The Iwisa, also known as a knobkierrie, is a wooden club used in Southern and Eastern Africa, a strong wooden club topped by a bone crushing knob. It was the Long-Range weapon of Shaka Zulu.
The Iwisa is a long handled wooden club, about two feet long, ending in a thick knob. Sometimes, the knob or head is ornately carved with faces or shapes that have symbollic meanings.
Before Shaka's reign, most Zulu tribes used throwing spears. However when Shaka removed these spears for the Iklwa, the Zulus became more focused on close combat. The Iwisa was used mainly to replace the old throwing spears, as its light weight made it more practical as a side-arm projectile.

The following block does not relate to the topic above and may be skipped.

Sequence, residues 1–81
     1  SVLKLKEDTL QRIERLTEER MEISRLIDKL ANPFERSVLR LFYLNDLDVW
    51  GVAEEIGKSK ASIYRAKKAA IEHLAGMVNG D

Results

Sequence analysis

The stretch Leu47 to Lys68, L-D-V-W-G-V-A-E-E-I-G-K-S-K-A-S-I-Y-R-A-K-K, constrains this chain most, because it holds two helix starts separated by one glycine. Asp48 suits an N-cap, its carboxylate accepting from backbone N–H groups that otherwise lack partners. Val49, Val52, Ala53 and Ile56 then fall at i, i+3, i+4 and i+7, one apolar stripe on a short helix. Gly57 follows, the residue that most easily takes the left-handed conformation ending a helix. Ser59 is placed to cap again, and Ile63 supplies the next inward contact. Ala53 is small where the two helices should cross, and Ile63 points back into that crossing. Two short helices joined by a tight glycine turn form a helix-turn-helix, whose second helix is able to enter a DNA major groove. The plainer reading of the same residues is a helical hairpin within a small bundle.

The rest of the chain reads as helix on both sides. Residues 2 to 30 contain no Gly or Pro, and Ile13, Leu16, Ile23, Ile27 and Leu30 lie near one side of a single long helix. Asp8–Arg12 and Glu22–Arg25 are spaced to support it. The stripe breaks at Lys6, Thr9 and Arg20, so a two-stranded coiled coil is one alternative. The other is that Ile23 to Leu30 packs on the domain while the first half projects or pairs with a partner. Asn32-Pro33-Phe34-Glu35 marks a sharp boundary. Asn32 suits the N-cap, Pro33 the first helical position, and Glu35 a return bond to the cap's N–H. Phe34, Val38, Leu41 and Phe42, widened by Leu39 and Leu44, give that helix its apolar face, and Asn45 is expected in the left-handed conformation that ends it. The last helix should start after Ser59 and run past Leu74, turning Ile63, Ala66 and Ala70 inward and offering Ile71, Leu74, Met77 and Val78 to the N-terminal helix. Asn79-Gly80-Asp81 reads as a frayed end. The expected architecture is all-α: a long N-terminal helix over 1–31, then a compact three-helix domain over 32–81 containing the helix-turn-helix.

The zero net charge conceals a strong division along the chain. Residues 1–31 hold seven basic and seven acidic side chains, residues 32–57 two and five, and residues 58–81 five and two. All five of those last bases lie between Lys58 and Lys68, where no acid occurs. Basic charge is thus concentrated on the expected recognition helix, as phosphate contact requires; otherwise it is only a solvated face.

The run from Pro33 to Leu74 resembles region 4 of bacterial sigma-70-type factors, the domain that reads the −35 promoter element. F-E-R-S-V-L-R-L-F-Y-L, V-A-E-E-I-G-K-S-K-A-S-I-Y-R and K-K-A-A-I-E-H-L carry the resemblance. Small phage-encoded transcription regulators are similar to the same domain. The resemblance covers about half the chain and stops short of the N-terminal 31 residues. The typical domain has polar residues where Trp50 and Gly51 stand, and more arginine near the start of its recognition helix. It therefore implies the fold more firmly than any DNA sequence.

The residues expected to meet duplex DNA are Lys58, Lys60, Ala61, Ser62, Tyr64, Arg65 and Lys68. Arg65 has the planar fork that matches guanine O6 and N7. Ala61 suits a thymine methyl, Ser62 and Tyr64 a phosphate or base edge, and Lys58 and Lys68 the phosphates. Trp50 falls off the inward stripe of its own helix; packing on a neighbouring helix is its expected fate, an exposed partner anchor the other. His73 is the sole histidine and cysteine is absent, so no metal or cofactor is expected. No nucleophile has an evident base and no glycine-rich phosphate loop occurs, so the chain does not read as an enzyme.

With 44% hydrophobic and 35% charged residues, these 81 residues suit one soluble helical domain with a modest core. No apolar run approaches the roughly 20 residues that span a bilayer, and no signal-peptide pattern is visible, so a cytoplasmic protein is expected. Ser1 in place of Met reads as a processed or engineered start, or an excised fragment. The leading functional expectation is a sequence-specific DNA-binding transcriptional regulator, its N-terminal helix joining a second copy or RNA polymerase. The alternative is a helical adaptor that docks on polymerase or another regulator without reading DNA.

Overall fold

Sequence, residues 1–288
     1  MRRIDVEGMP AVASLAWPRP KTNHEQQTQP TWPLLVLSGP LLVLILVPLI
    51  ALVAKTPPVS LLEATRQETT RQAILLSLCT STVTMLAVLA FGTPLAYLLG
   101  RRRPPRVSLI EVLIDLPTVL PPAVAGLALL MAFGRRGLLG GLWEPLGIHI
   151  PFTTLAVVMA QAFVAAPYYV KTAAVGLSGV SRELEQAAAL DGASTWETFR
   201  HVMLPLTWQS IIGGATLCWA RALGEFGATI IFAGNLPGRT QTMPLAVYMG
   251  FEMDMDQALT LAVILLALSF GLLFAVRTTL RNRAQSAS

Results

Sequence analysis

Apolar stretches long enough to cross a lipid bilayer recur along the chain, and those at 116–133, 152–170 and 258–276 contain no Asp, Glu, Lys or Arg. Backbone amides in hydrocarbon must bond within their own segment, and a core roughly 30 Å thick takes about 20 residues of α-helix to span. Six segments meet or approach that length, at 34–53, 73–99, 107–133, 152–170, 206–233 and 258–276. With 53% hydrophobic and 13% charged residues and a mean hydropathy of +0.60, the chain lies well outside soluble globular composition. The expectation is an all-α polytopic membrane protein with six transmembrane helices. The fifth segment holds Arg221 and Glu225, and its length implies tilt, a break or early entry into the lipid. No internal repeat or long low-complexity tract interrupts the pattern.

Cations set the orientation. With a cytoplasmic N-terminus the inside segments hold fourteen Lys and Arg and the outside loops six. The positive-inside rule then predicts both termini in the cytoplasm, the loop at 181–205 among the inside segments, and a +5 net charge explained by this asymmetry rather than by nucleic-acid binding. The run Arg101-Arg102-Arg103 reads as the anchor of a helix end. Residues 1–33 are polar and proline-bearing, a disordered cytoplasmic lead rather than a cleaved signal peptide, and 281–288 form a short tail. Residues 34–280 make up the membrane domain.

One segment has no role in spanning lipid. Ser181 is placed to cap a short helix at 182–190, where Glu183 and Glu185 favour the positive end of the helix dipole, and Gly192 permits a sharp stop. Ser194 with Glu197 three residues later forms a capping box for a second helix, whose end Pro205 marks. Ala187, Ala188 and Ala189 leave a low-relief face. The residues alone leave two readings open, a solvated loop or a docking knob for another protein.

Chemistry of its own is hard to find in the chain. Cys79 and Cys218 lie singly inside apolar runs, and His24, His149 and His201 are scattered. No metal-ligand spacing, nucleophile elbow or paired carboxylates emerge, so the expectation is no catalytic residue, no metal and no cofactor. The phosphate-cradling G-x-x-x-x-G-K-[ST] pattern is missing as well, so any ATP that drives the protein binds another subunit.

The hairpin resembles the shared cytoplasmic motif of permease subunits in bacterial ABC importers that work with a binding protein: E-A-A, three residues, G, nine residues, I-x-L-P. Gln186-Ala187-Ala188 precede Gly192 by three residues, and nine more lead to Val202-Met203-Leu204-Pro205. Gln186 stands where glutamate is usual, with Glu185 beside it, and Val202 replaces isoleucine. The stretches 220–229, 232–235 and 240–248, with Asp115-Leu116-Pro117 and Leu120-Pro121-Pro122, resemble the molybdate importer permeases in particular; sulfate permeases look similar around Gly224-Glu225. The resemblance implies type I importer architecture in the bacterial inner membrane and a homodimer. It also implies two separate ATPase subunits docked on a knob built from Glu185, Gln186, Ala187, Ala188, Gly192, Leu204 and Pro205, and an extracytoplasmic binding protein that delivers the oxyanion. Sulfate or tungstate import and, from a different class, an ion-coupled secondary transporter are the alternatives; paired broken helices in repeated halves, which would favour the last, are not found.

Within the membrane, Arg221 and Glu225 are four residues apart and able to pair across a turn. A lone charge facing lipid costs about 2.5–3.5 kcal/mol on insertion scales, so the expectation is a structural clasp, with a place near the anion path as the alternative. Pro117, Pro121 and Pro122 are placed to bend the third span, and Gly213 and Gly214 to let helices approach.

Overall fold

- Long Range
- 2 feet
- 1 lb
- African Hardwood
The Iwisa was thrown end over end as a distance weapon or used for clubbing the enemy's head in close range. In addition to the Zulu, this weapon was used by protesters and the police opposing them during the Apartheid era in South Africa. During peacetime, it could also function as a walking stick.
Similar weapons have been used by other tribal societies. The Algonquin Native Ameircans used a variation of the tomahawk known as the Demon's Head.